International (MNN) — Have you ever wondered how Bible translation ministries pick the next language they’re going to work on? There’s more to it than just marking off a checklist.
DOOR International has worked on sign language Bible translations for the Deaf for 13 years. Rob Myers, President and CEO of DOOR, says before they begin translating Scripture in another sign language, they first survey the local Deaf communities and find out what kind of reach that sign language has.
“We want to make sure that when we make a decision to help a community do a translation, that it’s going to be as effective as possible and it’s going to reach the largest number of people that it can.”
Myers says, “We have to be strategic in terms of: Where should that translation start? And how is it going to be most effective in the community?”
When DOOR surveys a Deaf community requesting a Bible translation, they don’t just focus on that one area; they also survey the surrounding regions and learn about the neighboring Deaf communities.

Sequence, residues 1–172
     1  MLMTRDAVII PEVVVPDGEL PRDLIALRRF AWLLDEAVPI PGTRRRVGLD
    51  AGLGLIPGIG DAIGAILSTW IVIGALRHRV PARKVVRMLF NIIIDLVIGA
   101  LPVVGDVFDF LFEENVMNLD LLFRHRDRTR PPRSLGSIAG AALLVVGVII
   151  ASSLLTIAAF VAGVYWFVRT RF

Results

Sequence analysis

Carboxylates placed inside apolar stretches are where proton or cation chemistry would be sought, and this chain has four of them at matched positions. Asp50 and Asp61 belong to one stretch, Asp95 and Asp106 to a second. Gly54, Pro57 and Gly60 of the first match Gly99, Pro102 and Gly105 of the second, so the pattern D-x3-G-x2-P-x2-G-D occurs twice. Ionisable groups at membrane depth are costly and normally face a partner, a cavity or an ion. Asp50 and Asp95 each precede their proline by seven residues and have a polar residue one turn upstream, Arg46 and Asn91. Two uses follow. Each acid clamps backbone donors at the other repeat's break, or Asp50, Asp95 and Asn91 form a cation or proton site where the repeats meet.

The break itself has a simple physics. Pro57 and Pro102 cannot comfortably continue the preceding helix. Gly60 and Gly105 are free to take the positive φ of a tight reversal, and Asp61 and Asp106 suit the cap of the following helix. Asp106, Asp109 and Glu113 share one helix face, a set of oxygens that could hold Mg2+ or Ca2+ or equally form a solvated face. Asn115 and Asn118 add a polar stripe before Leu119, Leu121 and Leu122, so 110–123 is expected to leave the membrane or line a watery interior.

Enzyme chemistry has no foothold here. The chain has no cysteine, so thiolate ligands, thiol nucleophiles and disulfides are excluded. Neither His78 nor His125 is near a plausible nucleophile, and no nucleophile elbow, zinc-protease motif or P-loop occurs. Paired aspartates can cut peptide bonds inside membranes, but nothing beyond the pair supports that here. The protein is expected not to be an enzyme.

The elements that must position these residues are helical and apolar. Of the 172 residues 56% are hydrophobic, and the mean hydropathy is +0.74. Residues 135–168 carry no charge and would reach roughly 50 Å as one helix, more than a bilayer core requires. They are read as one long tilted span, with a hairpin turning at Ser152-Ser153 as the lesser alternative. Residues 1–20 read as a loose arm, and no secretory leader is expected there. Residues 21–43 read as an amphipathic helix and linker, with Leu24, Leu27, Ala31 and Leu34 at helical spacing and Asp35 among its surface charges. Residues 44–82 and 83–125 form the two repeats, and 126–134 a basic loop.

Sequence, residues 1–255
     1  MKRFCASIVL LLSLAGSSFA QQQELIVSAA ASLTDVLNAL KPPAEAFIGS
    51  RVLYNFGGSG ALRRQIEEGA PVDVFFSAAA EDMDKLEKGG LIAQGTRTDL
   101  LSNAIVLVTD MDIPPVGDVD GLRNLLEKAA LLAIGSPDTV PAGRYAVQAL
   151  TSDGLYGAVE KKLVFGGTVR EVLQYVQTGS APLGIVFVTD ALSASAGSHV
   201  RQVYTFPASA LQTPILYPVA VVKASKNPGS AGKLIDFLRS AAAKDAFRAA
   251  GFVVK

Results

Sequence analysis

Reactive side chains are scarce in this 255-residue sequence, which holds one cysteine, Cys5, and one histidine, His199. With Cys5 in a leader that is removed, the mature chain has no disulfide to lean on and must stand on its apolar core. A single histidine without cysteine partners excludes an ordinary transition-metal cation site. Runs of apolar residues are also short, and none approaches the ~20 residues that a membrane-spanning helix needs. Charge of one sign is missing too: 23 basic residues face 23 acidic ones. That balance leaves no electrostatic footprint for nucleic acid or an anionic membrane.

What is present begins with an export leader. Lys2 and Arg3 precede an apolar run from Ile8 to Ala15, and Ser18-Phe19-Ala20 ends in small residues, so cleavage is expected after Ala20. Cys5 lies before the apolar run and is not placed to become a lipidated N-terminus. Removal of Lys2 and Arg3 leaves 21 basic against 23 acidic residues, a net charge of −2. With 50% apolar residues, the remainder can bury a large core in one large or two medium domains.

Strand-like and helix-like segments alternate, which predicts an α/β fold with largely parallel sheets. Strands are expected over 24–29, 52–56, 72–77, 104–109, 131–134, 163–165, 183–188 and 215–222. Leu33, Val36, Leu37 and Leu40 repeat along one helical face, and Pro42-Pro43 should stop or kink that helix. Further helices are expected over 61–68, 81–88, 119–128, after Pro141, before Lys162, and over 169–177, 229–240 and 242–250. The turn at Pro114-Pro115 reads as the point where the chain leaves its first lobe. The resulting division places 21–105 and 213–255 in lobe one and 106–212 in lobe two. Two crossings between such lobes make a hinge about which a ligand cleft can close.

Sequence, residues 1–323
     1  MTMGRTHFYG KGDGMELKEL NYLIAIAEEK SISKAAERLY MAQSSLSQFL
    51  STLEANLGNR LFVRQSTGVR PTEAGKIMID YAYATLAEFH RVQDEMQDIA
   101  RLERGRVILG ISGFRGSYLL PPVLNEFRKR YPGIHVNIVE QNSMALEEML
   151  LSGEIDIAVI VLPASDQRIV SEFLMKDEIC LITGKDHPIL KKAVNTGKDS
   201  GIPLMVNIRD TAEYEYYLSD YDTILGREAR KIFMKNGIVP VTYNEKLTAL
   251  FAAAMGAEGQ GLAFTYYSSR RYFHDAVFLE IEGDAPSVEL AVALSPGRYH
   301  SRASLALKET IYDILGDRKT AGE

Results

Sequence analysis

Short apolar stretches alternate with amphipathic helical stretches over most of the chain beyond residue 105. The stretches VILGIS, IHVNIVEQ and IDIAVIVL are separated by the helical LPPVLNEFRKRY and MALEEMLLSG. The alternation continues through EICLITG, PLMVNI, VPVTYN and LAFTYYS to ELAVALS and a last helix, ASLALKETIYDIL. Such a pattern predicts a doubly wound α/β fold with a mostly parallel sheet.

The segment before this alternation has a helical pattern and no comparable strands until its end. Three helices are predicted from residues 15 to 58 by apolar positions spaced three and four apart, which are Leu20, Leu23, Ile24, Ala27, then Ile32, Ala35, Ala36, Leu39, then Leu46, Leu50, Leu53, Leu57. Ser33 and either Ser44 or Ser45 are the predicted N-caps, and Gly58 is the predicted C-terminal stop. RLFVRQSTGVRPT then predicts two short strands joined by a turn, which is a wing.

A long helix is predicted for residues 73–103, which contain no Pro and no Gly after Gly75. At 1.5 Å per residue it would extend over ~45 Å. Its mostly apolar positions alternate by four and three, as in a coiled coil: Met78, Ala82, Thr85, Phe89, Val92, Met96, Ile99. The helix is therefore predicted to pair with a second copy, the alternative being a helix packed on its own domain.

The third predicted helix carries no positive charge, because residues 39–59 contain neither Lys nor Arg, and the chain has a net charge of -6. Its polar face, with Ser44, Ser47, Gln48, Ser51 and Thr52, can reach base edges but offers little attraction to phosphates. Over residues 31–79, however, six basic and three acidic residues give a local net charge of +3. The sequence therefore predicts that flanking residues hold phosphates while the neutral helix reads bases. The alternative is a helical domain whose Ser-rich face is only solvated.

Some sign languages are small and cover just one region. Other sign languages are larger, encompassing several regions and communities. Myers says in those cases, it’s best to start Bible translation work with the larger sign language.
“We have one country where the translation in that country is actually allowing Scripture access not just to the people in that country, but to the people in 15 other countries…. So rather than just giving access to about one million people, that translation actually gives access to about 2.5 million people.”
In this case, DOOR was able to discover the sign language with the greatest impact for Bible translation because of their survey work.
“We brought some of those different communities together and we found out that if we had started in one of those other countries and tried to bring it to that larger country, it would not have been accepted at all. Whereas if we start in the larger country and then bring it to some of the other countries, that translation would be accepted.”
When it comes to sign language Bible translation in the Deaf community, the need is urgent.
There are over 350 sign languages in the world today, and not one of them has a completed Bible translation. Only 30 sign languages have even a portion of Scripture available.
Encouragingly, Myers says, “About 60 [sign] languages actually have some sort of active work that’s happening right now. But there are a ton of languages that still don’t have any work that has happened yet.”
Please ask the Lord to bless Deaf believers working on sign language Bible translations so their communities may learn about Jesus. Pray for unreached, unengaged Deaf communities to know the love of their Heavenly Father.
Header photo courtesy of DOOR International.